The International Cricket Council on Thursday decided to replace ‘batsman’ with the gender-neutral term ‘batter’ in all its playing conditions. The change will be seen with this month’s men’s T20 World Cup, describing the move as a “natural and overdue evolution” in the sport.
Last month, the Marylebone Cricket Club announced that they have amended the Laws of Cricket to use the gender-neutral terms ‘batter’ and ‘batters’ instead of ‘batsman’ and ‘batsmen’.
MCC has today announced amendments to the Laws of Cricket to use the gender-neutral terms “batter” and “batters”, rather than “batsman” or “batsmen”.
— Marylebone Cricket Club (@MCCOfficial) September 22, 2021
In its statement, the MCC said: “A number of governing bodies and media organizations are already using the term ‘batter’ in their playing conditions and reporting. We expect and encourage others to adopt the updated terminology following today’s announcement of the change to the laws. The amendments are a natural evolution from work already undertaken in this area. As well as an essential part of MCC’s global responsibility to the sport.”
The body’s acting CEO Geoff Allardice said the MCC’s decision to move to ‘batter’ in the laws of the game was one they ‘welcomed’.
“The ICC has been utilizing the term batter for some time now across our channels and in commentary and we welcome the MCC’s decision to implement it into the Laws of cricket and will follow suit with our playing conditions that are derived from the Laws,” Mr. Allardice said in a statement.
“This is a natural and perhaps overdue evolution of our sport. And now our batters are gender-neutral in the same way as bowlers, fielders, and wicket keepers. Of course, language changes alone will not grow the sport. We must ensure that girls and boys who are inspired to play cricket have a fantastic, fun experience. And are both able to progress as cricketers without barriers,” he added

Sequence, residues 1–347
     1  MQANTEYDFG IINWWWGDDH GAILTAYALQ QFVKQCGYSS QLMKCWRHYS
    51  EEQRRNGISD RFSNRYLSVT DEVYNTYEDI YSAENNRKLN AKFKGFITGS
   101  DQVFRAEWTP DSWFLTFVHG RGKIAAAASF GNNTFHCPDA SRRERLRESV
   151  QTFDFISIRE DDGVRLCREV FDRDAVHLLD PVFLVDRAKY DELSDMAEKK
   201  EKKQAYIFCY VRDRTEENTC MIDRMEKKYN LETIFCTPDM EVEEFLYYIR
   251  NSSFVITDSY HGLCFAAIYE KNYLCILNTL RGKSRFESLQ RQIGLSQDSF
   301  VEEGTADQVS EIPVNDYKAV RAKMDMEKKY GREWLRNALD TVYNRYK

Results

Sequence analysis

The move to to replace ‘batsman’ with ‘batter’ is a simple but important one: Lisa Sthalekar
The ICC Hall of Famer and former Australia fast bowler Lisa Sthalekar welcomed the move by ICC. She said the move to ‘batter’ is a simple but important one. However, she feels ‘batsman’ or ‘batsmen’ will still be heard on occasion in the media.
“We don’t say ‘hey look at that fieldsman’, we say ‘look at the fielder’. We don’t say ‘bowlsman’, we say ‘bowler’. So if there is a similar term to describe someone with a piece of wood in their hands, why wouldn’t we follow suit?”
“It’s like a habit, it takes forever to get rid of it. But the more ‘batter’ is used, the more it will become the norm. And with that cricket will better engage with the next generation.” she added
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